More than 4,000 British Muslims have passed through terrorist training camps in Afghanistan and Pakistan, according to security agencies, providing a fertile recruitment pool for the Islamist international jihad. Men from the UK’s Kashmiri community have joined groups such as Lashkar-e-Toiba, the prime suspects in the Mumbai attacks, which have been fighting against Indian forces in Kashmir. Others from a Pakistani background are in the ranks of the Taliban and other groups taking part in action against British and Nato forces in Afghanistan. A former commander of the British force in Helmand, Brigadier Ed Butler, has revealed that his troops had come across British Muslims in southern Afghanistan. “There are British passport holders who live in the UK who are being found in places such as Kandahar,” he said. “There is a link between Kandahar and urban conurbations in the UK. This is something the military understands, but the British public does not.” Last year, RAF Nimrod intelligence-gathering aircraft tracking Taliban radio signals in Afghanistan heard insurgent fighters speaking with Yorkshire and Midlands accents. As well as fighters joining their ranks, groups such as Lashkar also benefit from funds raised on their behalf in the UK by the Muslim community. It has also been claimed that some of the aid money donated for the earthquake disaster relief three years ago was siphoned off for militant groups. Lashkar, previously known as Jaish-e-Mohammed, has forged links with al-Qa’ida in Pakistan and are said to have shared training camps. One of their most famous recruits was Rashid Rauf, accused of being a key member in the plot to blow up transatlantic airliners, who was recently reported to have been killed in an American missile strike. Kim Sengupta reports.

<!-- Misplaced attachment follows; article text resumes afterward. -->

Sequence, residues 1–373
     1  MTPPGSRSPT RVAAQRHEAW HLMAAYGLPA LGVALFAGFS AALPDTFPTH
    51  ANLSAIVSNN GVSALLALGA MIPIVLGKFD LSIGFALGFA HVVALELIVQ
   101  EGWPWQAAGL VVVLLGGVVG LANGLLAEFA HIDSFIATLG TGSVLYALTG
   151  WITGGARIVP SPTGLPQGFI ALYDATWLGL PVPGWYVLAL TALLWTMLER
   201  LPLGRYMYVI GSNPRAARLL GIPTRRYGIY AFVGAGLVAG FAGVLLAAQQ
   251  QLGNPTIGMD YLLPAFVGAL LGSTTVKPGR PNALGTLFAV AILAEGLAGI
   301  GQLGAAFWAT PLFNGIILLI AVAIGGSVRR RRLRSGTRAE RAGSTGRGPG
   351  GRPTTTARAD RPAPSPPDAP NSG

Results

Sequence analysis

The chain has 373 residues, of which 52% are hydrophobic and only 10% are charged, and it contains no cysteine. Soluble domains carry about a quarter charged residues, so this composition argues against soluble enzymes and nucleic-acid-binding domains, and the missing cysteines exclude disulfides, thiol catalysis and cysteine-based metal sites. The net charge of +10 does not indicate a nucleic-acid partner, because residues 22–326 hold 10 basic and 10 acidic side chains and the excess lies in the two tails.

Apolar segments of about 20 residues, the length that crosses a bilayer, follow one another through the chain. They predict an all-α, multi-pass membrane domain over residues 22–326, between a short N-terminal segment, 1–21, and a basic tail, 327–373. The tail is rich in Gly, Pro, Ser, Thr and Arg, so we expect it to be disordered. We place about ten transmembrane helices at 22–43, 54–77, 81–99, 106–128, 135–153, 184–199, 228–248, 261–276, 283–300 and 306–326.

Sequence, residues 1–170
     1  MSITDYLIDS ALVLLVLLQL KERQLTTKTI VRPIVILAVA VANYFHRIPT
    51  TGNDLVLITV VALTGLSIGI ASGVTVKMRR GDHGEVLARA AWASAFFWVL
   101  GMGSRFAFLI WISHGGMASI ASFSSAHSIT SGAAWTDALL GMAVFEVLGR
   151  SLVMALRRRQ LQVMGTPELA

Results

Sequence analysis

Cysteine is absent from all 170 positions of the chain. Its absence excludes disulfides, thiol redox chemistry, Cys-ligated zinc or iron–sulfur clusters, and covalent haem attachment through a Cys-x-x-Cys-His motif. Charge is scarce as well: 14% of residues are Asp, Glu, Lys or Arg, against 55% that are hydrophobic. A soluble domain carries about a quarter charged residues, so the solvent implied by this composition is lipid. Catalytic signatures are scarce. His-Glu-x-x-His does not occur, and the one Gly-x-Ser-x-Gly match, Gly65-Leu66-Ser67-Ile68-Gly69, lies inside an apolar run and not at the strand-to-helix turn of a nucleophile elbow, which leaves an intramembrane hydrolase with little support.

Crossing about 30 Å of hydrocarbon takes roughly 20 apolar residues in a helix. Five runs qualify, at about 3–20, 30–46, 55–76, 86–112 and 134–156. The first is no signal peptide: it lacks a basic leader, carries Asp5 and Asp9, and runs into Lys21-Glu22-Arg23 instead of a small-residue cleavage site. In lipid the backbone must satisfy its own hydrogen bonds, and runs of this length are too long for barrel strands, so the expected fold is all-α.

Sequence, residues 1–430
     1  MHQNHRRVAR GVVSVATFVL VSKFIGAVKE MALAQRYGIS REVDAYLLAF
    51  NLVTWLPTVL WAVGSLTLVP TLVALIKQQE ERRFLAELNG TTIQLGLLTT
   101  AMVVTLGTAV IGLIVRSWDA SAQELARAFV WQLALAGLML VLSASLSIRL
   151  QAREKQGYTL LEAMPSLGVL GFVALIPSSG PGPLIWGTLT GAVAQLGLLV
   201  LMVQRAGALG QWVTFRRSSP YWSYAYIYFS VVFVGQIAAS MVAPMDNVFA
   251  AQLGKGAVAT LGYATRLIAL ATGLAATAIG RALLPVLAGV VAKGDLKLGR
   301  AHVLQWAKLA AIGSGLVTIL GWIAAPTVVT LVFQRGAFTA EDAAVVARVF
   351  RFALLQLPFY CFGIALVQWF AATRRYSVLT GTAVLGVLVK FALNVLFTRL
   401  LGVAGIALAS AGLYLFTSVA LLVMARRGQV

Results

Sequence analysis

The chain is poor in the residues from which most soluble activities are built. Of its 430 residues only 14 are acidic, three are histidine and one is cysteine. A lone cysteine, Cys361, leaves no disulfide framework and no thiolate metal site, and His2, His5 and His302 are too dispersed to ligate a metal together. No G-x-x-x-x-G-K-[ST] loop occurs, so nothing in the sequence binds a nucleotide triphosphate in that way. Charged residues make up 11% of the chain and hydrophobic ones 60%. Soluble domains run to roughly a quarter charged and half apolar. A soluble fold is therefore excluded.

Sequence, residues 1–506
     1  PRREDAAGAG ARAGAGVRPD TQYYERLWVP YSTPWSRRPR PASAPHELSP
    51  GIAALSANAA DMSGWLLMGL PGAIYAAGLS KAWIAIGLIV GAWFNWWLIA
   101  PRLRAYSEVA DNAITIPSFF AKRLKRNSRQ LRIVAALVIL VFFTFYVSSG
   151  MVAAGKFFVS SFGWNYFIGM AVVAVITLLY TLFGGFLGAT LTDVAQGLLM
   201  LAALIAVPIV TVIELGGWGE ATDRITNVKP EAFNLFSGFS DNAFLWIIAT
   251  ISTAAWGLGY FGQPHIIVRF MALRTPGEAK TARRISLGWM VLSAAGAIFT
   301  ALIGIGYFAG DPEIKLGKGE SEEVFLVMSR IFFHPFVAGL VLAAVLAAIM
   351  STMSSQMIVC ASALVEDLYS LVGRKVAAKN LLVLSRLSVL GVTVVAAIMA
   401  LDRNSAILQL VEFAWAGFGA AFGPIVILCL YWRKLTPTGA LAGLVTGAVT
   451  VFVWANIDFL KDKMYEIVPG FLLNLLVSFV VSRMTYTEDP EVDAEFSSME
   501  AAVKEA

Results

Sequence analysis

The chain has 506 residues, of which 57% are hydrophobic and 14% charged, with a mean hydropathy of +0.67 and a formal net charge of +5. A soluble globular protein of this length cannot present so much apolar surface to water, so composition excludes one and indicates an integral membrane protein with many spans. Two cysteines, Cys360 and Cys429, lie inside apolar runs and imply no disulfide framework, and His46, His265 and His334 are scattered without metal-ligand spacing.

Full-text article continues here. (Some news sites may require registration)